It was probably less than a year ago that my teenage son introduced me to a band called Flogging Molly. I thought little of the band the first time he mentioned them and probably dismissed them outright based solely on their name. But I've always been pretty open to listening to his new musical interests (even when they don't agree with my ears), and when he came home with their newest CD Float, my interest was piqued. It didn't hurt that the CD was very well received critically. At least that opened the door.
After listening to the disc several times (it became a regular rotation in my iTunes), I became a pretty big fan of it and began to consider myself a Flogging Molly fan. But let me say that after attending the concert in Houston, I realized that Flogging Molly fans take the fan in fanatical pretty damned seriously.
The crowd gathered to see this band in Houston, Texas at the Verizon Wireless Theater on a Friday night was...diverse...to say the least. As we looked around us we saw punks with razor sharp mohawks, jocks, frat boys in Longhorn and Aggie t-shirts, a respectable looking older gentlenmen with his respectable looking thirty-something son (in the mosh pit, by the way), goth types, and people of every ethnic pursuasion you could think of!
My son had told me that these Flogging Molly concerts can be a little crazy, but I was unprepared for what happened when the band stormed the stage and struck the first chord. I mean they play fiddles and banjos and squeeze boxes. How hard could they be? But they opened with a fast paced song from the new album (I can't recall which it was), and the crowd instantly erupted into a frenetic, swirling, maelstrom of moshpit madness. Whew! I haven't seen that kind of energy at a rock concert since seeing Rage Against the Machine in the '90's. But this was different. This wasn't fueled by angst and anger and social discontent. It was positive. People, young and old, collided with each other in a concert of jubilant motion. It was amusing and heart warming to see. I watched time after time as shirtless, spike headed punks assisted in lifting frat boys (and vice versa) into a crowd surfing position. One by one they went up and were lifted out by the stage bouncers, only to find their way back into the pit again.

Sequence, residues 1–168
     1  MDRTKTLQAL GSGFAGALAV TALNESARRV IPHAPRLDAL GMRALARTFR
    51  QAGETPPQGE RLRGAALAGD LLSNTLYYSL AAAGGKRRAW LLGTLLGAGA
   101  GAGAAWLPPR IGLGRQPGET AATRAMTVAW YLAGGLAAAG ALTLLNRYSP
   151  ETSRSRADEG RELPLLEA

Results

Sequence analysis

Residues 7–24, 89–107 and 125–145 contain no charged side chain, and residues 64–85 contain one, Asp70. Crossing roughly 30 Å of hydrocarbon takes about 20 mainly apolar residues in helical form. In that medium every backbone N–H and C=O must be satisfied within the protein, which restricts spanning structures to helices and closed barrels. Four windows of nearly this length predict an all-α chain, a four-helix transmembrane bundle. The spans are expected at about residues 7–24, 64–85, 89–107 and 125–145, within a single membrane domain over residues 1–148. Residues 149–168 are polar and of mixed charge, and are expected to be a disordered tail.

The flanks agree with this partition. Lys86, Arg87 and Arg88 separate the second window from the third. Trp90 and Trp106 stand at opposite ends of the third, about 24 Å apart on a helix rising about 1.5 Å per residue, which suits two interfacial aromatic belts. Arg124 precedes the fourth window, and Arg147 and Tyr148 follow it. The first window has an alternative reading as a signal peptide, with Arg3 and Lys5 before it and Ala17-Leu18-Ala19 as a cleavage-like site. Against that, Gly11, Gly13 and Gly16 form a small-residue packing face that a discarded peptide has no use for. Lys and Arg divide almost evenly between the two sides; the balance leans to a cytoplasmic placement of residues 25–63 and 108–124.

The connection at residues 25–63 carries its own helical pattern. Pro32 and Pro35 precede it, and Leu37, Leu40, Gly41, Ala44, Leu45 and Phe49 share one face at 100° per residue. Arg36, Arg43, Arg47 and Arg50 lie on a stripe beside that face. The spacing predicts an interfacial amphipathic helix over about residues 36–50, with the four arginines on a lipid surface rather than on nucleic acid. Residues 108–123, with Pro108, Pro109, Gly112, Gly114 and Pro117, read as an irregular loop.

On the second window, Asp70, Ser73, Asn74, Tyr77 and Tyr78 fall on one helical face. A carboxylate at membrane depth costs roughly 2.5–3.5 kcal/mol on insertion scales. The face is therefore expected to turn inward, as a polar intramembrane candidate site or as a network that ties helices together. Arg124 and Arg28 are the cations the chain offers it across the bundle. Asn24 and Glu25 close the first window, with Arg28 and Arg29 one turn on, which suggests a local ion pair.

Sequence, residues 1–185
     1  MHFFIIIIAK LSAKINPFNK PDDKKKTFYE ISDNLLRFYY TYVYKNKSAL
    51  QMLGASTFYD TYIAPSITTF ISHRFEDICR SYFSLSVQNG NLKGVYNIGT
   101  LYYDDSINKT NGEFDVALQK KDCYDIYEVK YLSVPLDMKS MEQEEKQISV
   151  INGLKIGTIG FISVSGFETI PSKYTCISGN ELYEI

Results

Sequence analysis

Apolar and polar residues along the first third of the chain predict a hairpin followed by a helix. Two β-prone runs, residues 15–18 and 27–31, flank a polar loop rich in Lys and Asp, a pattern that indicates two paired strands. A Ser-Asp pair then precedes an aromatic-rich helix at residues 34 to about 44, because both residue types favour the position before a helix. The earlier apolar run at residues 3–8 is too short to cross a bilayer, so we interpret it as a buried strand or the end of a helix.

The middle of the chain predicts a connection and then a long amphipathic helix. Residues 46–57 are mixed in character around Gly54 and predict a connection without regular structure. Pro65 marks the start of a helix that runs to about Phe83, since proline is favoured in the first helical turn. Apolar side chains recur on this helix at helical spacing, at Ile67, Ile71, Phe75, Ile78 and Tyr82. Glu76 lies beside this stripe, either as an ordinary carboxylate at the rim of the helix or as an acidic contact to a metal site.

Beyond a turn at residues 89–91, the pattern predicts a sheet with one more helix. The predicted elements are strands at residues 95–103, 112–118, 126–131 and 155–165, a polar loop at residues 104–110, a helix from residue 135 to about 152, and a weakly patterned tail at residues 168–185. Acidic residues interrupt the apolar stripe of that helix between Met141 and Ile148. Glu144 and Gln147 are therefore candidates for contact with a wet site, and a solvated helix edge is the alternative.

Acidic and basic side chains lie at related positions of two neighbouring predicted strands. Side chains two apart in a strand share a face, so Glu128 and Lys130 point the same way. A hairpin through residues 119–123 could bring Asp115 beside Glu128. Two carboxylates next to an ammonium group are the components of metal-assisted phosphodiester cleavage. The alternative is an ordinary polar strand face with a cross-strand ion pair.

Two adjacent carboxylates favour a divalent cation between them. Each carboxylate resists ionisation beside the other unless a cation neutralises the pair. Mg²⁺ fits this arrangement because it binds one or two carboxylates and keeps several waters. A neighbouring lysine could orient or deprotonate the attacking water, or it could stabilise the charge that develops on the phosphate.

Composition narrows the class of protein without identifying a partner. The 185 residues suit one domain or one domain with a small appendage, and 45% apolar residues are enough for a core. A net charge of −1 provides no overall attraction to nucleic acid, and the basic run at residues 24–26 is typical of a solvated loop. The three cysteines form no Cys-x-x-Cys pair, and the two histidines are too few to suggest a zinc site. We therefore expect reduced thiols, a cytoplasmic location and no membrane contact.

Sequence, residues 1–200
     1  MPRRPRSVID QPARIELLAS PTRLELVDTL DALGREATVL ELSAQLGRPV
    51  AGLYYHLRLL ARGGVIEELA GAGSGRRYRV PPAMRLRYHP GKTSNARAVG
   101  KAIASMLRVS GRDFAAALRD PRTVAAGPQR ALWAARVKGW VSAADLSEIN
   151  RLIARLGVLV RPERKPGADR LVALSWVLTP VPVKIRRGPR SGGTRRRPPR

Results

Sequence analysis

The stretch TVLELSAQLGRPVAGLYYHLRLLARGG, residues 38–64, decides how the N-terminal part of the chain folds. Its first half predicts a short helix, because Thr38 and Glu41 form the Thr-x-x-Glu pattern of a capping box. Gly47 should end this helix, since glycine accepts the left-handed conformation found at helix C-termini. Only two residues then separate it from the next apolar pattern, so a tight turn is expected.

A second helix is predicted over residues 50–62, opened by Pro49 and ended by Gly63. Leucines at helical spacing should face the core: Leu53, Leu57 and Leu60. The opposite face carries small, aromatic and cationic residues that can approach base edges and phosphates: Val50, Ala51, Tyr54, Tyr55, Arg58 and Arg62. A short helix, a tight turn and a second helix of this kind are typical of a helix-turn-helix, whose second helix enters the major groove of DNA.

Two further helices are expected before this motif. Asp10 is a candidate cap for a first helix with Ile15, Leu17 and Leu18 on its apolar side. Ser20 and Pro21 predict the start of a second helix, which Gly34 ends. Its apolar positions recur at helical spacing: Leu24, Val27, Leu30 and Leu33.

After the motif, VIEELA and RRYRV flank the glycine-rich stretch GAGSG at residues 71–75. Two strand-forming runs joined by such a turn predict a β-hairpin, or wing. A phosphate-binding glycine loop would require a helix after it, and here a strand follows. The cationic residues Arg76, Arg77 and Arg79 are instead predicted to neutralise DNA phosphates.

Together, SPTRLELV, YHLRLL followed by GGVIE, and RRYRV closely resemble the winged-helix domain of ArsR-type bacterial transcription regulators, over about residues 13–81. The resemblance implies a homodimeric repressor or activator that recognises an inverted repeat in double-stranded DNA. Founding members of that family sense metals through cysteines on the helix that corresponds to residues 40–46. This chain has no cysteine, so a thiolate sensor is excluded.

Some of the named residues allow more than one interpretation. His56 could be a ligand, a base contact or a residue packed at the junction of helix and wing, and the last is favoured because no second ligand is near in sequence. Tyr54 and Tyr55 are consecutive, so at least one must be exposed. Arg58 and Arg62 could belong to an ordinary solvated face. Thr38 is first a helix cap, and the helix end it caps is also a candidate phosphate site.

They were all there to bask in the brightness of the music and the entertaining show that the band put on. And boy was it entertaining. Flogging Molly careened from one song to the next with little attempt at catching their breath. The music was great! They were solid, jamming longer at times, while keeping the spirit of the original recording throughout the show. Dave King (the Irish front man) was funny and engaged the crowd all night with his witty, muddled Irish-accented colloquialisms. The running commentary was punctuated with plenty of expletives about hell raising, good times, and beer drinking, which I'm afraid did nothing to help the stereotype of the drunken Irishman. However, it was all in fun, and the band fed off of each other's energy. It seemed so fresh. They displayed the stamina and tightness of a veteran band, while somehow jamming with the narcotic fueled mania of a newly formed rock band.
The mosh pit only stopped for one song that Dave King said was written about and dedicated to his mother back in Ireland. Lighters were flicked and cell phones were opened (in place of a lighter) and held aloft above the quiet crowd. My son said he even saw a grown man crying!
To say the least, it was an experience that I will never forget. And I can say with certainty that I will see Flogging Molly again next time they are in the Lone Star State. Only next time, I'm going in the mosh pit with my boy!
You're never too old to live.